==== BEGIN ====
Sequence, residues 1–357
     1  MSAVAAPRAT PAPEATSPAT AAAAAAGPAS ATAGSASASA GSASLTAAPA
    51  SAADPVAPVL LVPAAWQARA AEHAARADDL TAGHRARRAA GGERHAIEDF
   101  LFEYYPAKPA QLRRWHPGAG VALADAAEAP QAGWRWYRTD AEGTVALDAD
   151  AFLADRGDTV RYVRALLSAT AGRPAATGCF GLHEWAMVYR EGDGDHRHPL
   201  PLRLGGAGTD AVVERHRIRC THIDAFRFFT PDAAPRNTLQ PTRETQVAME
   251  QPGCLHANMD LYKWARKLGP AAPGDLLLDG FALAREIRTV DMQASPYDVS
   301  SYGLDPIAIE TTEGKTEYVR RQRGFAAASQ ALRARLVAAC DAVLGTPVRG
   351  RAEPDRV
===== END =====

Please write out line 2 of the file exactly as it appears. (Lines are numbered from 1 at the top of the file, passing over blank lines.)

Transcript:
     1  MSAVAAPRAT PAPEATSPAT AAAAAAGPAS ATAGSASASA GSASLTAAPA